You already know the answer—and thus the not-unlikely future. (There is another company, Nationstar Mortgage Holdings, that is in fierce competition with Ocwen and thus an alternative—but not a very good one.) IMO, the problem has been the direct result of misdirection and a lack of understanding about how and why the foreclosure crisis really happened. So, while public ire has been (not without reason) focused on sending someone, ANYONE in authority at JP Morgan Chase and Citibank and Wells Fargo and all the others to jail for their role in the "subprime mortgage crisis," few have actually paid any attention to the most direct players, the ones whose predatory servicing conduct most directly forced millions of people whose homes could have been saved with reasonable forbearance and/or loan modification agreements.  

Certainly, almost nobody has been paying attention to Ocwen, and its name is close to, if not at the top of, the list of the worst.

This is why I feel that despite all the celebration, the CFPB settlement with an unrepentant actor like Ocwen is not even going to slow it down. I say this even as I admit that the settlement is probably the best that government could have gotten. That is the saddest part about it all. We're not talking about settlement with a company that made a few mistakes.  When we're talking about Ocwen, we're talking about a predator. As Richard Cordray noted when announcing the consent deal:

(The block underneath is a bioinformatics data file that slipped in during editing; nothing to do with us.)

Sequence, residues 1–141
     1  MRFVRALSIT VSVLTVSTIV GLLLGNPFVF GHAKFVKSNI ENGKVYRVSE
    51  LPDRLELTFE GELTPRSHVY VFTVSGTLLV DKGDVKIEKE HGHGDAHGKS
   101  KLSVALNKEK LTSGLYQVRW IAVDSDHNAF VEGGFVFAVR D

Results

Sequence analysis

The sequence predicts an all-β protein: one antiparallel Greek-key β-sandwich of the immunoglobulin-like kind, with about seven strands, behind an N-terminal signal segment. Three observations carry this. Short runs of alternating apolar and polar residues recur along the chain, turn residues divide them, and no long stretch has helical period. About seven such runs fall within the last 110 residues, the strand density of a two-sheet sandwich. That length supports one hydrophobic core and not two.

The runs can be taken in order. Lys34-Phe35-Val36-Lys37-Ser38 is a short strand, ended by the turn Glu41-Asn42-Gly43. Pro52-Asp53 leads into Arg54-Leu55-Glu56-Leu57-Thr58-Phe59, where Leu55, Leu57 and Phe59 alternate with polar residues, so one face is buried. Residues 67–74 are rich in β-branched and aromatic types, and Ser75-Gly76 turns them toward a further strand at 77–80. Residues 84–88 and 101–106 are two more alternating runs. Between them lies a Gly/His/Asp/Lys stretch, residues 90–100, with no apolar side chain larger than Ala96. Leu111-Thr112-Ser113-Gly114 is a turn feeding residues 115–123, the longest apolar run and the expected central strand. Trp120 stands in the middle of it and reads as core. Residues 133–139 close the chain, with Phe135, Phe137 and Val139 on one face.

We believe that Ocwen violated federal consumer financial laws at every stage of the mortgage servicing process.
This settlement resolves just four years (from 2009-2013) of complaints about abusive practices that Ocwen promises that it has, or will, clean up the edges of.  Promises again..  For $2.2 billion--on paper, at least: